This topic discusses using a bottle to feed formula to your baby. To learn about using a bottle to feed breast milk to your baby or to learn about breast-feeding, see the topic Breast-Feeding.
If you are having a hard time breast-feeding and are trying to decide whether to switch to using formula, know that the first few weeks of breast-feeding are the most challenging. You may want to talk to your doctor to help you make your choice. Some moms choose to both breast-feed and bottle-feed their babies.
You may not be able to breast-feed for different health reasons, such as if you've had breast surgery or if you have certain infections. While breast milk is the ideal food for babies, your baby can get good nutrition from formula. Formulas are designed to give babies all the calories and nutrients they need until they are 6 months old. (Babies born early or with health problems may drink formula even longer.)
There are many types of infant formulas for you to choose from. Most of the time, parents start with formulas made from cow's milk, such as Enfamil, Good Start, and Similac.
Talk to your doctor before you try other types of formulas, including:
Formulas for toddlers are also available. These formulas have extra nutrients, and you can use them to help your child make the switch to whole milk. But healthy babies and toddlers don't really need them.
When you make formula, use safe water and be sure your hands and equipment are clean. Follow the advice of your doctor and read the label on the formula package. Make sure the formula is not too hot or too cold when you give it to your baby.
The length of time between feedings varies. It depends on the amount of formula your baby drank during the previous feeding. As you get to know your baby, you will be able to notice his or her signs of hunger and fullness. Don't hesitate to call your doctor if you are worried about whether your baby is eating enough.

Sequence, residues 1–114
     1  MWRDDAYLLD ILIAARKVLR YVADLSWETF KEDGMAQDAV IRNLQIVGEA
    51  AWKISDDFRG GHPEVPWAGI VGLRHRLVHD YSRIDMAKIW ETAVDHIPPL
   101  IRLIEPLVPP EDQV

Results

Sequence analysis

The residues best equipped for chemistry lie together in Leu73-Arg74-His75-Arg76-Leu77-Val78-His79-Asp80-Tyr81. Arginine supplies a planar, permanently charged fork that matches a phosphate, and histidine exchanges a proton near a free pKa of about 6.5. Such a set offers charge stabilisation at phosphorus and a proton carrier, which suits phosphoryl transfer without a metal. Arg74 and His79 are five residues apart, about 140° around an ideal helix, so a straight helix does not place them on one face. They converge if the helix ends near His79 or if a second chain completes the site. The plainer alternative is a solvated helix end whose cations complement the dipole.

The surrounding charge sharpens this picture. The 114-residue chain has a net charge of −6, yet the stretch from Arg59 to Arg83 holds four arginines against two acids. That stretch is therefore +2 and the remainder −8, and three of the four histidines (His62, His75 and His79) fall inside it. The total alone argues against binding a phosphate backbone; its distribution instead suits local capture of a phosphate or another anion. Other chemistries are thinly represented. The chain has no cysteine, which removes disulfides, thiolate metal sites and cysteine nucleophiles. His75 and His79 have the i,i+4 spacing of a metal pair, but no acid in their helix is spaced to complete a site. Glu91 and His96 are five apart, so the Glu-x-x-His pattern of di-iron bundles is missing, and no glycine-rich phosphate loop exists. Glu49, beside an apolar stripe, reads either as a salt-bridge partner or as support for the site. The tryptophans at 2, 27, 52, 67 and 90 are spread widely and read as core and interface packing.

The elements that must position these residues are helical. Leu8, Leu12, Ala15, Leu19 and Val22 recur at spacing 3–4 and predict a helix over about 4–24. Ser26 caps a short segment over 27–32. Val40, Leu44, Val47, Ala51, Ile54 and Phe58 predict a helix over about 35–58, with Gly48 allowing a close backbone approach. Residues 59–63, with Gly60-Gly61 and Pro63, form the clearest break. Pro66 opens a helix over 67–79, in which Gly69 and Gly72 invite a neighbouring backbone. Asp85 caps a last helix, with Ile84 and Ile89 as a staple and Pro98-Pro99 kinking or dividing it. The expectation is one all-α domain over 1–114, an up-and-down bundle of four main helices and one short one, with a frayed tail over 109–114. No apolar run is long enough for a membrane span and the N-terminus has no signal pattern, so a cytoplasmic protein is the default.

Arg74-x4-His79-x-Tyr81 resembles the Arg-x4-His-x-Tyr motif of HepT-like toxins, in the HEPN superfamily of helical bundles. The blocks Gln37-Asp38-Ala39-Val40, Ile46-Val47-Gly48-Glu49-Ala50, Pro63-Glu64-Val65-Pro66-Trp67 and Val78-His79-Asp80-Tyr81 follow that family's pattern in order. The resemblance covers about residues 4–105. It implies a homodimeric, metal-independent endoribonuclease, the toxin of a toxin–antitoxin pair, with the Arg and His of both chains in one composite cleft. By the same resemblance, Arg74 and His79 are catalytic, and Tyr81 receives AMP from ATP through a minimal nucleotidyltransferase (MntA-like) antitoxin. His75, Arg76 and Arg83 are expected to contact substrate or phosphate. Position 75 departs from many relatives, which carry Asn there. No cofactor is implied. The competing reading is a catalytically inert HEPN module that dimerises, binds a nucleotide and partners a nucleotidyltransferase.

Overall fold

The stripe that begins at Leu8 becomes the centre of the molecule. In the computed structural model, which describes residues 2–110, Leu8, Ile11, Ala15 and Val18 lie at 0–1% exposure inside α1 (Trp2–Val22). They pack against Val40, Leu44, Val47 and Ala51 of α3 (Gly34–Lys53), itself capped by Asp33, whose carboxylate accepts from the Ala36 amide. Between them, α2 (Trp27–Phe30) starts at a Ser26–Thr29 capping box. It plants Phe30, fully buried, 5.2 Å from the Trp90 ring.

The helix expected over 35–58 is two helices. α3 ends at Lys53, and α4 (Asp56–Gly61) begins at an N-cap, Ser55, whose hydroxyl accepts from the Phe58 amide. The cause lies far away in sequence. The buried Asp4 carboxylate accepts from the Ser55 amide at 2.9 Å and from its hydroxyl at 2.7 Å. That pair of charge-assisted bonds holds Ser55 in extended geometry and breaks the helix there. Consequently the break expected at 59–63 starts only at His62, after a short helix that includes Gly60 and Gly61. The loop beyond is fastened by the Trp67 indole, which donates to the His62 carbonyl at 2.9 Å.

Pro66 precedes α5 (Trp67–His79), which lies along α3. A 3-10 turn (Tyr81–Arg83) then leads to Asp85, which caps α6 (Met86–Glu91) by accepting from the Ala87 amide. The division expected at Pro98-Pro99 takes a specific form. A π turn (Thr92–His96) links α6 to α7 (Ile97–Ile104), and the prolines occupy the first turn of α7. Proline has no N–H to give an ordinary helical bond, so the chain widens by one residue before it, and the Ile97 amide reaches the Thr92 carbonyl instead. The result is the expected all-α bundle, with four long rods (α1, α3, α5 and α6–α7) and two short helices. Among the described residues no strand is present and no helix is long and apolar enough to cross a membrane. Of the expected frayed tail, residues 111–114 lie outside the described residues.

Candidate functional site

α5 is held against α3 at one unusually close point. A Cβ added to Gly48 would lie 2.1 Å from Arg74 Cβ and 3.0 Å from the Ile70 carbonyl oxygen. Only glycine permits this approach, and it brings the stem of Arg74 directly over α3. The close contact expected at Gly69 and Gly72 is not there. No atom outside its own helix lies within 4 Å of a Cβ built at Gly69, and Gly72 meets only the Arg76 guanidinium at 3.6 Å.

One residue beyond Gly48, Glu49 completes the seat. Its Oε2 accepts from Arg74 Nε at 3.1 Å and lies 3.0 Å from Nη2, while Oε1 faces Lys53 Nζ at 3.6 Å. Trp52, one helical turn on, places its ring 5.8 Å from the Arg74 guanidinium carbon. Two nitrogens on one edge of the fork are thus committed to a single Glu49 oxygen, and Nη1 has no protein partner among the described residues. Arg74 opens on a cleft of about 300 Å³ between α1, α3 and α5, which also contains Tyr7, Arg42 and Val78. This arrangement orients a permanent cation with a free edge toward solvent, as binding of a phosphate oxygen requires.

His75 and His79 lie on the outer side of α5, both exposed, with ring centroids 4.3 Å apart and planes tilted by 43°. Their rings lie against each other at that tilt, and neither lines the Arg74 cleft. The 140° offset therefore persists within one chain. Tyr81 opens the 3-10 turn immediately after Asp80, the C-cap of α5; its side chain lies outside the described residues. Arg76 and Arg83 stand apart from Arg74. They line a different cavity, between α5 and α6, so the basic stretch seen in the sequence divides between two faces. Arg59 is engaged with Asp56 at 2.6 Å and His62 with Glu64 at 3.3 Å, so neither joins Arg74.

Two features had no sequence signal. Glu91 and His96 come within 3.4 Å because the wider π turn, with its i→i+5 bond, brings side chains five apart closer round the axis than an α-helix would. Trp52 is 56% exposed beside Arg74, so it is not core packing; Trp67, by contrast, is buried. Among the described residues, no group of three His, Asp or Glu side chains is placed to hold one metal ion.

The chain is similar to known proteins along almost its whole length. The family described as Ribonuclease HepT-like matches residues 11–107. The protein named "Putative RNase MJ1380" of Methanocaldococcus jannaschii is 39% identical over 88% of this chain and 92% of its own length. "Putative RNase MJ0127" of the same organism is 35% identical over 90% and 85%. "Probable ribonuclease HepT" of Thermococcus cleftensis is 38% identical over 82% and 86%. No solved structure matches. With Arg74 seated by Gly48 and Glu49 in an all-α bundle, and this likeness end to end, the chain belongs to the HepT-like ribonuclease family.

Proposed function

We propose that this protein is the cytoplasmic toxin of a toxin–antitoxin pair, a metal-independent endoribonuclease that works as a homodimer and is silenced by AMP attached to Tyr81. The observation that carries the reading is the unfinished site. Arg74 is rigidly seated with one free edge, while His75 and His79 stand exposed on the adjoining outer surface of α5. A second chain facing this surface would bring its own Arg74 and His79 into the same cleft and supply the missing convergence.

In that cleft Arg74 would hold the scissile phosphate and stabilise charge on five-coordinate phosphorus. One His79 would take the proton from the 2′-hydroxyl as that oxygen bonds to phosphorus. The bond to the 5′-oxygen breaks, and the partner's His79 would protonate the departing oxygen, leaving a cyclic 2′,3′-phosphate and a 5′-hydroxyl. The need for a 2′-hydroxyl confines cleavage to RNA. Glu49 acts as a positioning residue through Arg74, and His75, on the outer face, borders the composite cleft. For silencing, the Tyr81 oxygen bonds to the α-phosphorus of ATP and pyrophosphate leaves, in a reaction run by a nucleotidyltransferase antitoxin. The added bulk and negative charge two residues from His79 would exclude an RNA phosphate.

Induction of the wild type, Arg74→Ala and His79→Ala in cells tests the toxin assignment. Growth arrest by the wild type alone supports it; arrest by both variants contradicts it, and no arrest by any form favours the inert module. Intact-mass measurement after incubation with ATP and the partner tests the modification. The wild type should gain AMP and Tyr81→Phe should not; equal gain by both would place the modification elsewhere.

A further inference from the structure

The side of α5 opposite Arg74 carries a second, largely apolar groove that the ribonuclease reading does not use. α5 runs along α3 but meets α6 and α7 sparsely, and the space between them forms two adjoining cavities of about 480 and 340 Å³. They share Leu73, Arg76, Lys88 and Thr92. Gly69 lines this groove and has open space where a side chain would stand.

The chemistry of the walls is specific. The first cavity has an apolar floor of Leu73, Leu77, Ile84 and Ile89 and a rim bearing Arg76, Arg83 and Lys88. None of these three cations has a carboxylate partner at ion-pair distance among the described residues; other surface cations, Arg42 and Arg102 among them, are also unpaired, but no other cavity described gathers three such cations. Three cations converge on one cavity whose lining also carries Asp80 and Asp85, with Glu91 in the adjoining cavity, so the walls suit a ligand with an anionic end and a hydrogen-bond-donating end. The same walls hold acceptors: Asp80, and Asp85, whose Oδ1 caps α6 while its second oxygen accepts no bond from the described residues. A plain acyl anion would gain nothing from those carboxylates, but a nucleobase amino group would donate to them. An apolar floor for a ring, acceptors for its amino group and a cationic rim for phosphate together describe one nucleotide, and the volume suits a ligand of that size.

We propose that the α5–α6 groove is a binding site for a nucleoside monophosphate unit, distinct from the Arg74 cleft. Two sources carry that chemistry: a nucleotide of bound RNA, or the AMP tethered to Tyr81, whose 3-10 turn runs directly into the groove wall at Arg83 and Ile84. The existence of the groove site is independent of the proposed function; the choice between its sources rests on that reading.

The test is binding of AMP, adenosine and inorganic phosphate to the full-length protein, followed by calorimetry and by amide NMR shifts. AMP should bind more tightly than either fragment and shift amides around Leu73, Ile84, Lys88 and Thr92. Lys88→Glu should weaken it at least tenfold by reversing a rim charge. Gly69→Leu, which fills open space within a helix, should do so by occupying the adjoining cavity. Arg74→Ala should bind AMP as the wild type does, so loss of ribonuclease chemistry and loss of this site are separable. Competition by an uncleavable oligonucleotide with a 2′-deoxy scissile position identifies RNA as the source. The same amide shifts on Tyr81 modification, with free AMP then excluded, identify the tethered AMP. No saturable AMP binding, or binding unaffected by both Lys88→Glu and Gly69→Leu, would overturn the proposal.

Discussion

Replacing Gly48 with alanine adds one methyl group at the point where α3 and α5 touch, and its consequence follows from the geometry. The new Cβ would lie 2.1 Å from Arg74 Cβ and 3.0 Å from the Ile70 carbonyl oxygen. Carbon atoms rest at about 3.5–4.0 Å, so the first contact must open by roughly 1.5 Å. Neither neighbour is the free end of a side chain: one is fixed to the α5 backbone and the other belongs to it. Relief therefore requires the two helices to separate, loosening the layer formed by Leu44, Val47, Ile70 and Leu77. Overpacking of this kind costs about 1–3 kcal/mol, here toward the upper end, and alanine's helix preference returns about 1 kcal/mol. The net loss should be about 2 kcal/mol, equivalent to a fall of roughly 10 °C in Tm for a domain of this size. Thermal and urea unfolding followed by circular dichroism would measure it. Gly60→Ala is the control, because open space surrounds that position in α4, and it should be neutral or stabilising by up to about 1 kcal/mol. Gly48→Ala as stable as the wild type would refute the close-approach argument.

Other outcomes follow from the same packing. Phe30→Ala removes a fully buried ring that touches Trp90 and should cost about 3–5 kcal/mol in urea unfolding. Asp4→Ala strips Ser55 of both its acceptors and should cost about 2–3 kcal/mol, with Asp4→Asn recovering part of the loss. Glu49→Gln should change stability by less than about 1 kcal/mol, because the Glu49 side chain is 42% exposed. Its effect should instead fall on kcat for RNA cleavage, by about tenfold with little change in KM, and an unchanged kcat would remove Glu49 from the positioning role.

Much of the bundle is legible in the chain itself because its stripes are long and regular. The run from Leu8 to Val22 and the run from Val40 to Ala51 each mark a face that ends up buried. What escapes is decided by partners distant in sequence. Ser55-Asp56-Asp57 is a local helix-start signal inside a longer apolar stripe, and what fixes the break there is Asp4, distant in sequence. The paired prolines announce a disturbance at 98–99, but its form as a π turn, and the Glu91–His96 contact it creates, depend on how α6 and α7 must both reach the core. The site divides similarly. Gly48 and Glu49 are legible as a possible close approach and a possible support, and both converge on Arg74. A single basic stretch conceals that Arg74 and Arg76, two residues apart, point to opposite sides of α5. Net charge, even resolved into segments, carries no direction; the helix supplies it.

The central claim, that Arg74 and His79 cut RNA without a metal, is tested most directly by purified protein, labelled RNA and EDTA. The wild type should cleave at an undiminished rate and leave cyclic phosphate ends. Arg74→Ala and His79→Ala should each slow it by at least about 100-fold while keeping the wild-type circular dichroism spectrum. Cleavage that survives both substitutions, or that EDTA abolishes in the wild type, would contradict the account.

When your baby is 12 months old, he or she can start to drink whole-fat cow's milk. Other kinds of milk, such as goat's milk, fat-free milk, 1% milk, or 2% milk, don't have as many nutrients as whole-fat milk. It is best not to give your baby these kinds of milk if you can give whole-fat milk instead.
Learning about bottle-feeding:
Most babies can start bottle-feeding within hours after birth. Most newborns feed about 6 to 10 times every 24 hours. Average feeding amounts will vary depending on your baby's age and how hungry he or she is at that moment.
|Age of baby||Formula feedings in 24 hours||Amount of formula in each feeding||Total formula in 24 hours|
6 to 8
2 fl oz (60 mL) to 3 fl oz (90 mL)
20 fl oz (600 mL)
6 to 7
4 fl oz (120 mL) to 5 fl oz (150 mL)
28 fl oz (850 mL)
5 to 6
6 fl oz (180 mL) to 7 fl oz (210 mL)
30 fl oz (900 mL)
4 to 5
6 fl oz (180 mL) to 8 fl oz (240 mL)
30 fl oz (900 mL)
4 to 5
7 fl oz (210 mL) to 8 fl oz (240 mL)
34 fl oz (1000 mL)
4 to 5
7 fl oz (210 mL) to 8 fl oz (240 mL)
38 fl oz (1150 mL)
A baby drinks from a bottle of formula for about 5 to 25 minutes at a time. Pay attention to your baby's nutritional needs and cues. Don't be concerned if your baby doesn't eat much at one feeding. He or she is likely eating enough over the course of a day or two. Forcing your baby to drink more formula than he or she needs can cause tummy aches and spitting up. But don't ever hesitate to call your doctor if you are worried about whether your baby is eating enough.